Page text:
One can’t go more than a day without hearing something about climate change and global warming.
Luckily, soils have our backs.
“Soil is a precious resource that has significant interactions with Earth’s climate system,” explains Eric Brevik, a professor at Dickinson State University in North Dakota and an International Year of Soils monthly leader for the Soil Science Society of America.
How does soil fight climate change? Recent research shows carbon is stored in healthy soils. “The organic matter in soil holds large amounts of carbon, which is also an important part of green house gases, including carbon dioxide and methane,” Brevik says. “Replanting forests, protecting and restoring wetlands and good agricultural practices can help increase the amount of carbon stored in our soils—and keep it out of our atmosphere.”
But soil can’t do its job if we keep disturbing it, Brevik says. “Deforestation, draining of wetlands and poor agricultural practices can release large amounts of carbon into the atmosphere where it can contribute to climate change.”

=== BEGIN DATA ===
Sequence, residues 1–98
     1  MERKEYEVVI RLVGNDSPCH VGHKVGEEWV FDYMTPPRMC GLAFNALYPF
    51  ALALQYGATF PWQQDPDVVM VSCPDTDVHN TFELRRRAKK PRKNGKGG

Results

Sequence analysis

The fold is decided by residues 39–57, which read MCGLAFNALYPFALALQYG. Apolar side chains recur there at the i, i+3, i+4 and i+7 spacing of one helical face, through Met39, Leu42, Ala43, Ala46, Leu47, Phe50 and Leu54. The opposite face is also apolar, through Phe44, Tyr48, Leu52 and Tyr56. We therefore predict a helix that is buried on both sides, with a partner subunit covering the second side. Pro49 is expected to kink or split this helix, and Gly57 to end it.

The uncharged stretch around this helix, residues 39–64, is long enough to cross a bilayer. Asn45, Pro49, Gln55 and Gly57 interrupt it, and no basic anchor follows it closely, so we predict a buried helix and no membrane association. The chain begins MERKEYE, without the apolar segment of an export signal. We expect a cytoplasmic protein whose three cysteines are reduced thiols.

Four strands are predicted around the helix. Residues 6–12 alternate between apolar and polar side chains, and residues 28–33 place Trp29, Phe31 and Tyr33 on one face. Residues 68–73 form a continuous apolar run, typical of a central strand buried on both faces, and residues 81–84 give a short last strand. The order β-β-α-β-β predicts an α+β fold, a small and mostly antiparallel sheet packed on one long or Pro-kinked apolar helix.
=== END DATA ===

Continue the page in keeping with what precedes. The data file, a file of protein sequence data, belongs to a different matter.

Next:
One of the soil disturbances the industry tries to fight is desertification. This is the rapid loss of topsoil and plant life on land in arid (dry) and semi-arid regions of the world. One-third of Earth’s land area in more than 100 countries (including the U.S.) is at risk of desertification. The historic Dust Bowl of the 1920s and 1930s was a result of desertification caused by excessive tillage of soils in Texas, Oklahoma, Kansas and Colorado.
The good news is desertification can be prevented by following good property management practices, Brevik points out. Landowners should make sure soil has adequate vegetation covering it to prevent accelerated erosion by wind and rain. “We need to prevent desertification,” he says, “so we can prevent can prevent disasters like the Dust Bowl from recurring.”